Quality Bangladeshi Textiles, Fabrics and Crafts
Jamdani - Eternal beauty
The word Jamdani means a vase of flowers (Jam -flower, dani - that which holds). It is an apt description for this exquisitely woven fabric from Bangladesh. Its weavers are considered to be among the best in South Asia even today. The fine weave and delicate embroidery like patterns have been sought after all over the world for centuries. The texture and quality is so fine that it is described as being woven with the "thread of the winds".
Jamdani has always been very expensive because of the fine quality of fabric and detailed workmanship. It was usually worn by nobility all over the world in the past. The patterns had romantic, poetic descriptions and names. Even today, jamdanis are very expensive and highly sought after. A red jamdani is a must in the trousseau of all Bangladeshi brides.
The fabric is woven very much like tapestry work. Small shuttles of colored, gold or silver threads are passed through the weft. It forms an intricate pattern in the body of the fine material. It is usually woven into six yards saris, but nowadays the material is available for kurtas for men and women. The body of the sari is scattered with delicate floral sprays – hence the name jamdani or flower vase.
The different patterns have their own, often exotic names. When a diagonal pattern of floral sprays covers the entire length of the sari, the sari is called tercha. The loose flowing end of the sari, known as the aanchal, is usually decorated with bold corner motifs, known as jhalar. The most prized design among jamdanis is known as panna hazaar (thousand emeralds). In this exquisite work of art, the beauty of floral pattern is enhanced by gold and silver thread flowers that have been interlaced in between like little precious gems.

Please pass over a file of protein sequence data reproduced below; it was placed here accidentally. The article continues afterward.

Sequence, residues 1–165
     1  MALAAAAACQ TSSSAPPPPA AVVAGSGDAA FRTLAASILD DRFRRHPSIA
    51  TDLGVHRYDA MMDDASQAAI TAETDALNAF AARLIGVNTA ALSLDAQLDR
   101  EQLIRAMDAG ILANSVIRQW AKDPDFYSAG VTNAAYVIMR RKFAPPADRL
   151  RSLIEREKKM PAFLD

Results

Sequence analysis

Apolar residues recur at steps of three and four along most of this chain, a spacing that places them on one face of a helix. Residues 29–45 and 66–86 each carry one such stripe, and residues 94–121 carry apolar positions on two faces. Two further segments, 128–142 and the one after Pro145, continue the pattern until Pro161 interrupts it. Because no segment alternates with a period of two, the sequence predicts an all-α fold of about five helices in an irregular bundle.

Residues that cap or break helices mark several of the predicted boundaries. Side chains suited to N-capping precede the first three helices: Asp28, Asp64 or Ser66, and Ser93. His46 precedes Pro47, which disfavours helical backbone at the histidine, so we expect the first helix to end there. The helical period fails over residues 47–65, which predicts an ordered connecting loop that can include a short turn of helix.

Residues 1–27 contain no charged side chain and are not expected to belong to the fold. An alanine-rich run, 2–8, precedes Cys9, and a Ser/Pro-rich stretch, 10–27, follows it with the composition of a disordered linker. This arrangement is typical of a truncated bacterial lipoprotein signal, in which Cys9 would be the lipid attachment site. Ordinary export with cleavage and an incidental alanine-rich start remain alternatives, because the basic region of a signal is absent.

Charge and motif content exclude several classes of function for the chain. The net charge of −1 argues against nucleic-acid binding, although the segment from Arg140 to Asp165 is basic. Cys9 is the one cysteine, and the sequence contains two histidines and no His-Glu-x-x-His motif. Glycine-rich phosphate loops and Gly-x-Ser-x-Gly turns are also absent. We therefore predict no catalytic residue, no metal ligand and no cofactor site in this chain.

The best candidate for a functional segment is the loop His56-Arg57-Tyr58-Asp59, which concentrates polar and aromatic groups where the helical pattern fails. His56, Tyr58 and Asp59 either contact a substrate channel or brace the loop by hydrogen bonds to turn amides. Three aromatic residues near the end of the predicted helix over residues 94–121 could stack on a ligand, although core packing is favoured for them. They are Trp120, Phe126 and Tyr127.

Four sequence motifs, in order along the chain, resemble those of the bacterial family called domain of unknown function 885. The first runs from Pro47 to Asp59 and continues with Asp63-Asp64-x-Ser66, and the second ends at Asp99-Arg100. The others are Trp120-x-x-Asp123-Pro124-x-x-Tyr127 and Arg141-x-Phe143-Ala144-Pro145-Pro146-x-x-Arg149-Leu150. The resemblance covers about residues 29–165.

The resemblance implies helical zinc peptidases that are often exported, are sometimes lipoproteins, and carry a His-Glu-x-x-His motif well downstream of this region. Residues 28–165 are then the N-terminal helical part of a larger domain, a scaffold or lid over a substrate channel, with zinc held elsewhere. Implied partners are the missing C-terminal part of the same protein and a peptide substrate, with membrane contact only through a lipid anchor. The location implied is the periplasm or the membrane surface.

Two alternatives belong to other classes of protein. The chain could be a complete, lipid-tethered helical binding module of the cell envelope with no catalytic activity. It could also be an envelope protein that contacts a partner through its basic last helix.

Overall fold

A traditional pattern that has many variations but is an eternal favorite is the kalka or mango motif. Most elaborate weaves have the kalka in some form in their design. Many of the very fine and intricate patterns are not created any more. Some patterns that were passed down over the generations in weavers’ families have been revived, with traditional fabrics once more finding their place as sought after items. These include the traditional nilambari, dyed with indigo, and toradar. Other jamdani patterns, like phulwar, are worked on a background fabric of black, blue black, grey or off-white. Many delicate motifs are named after indigenous flowers.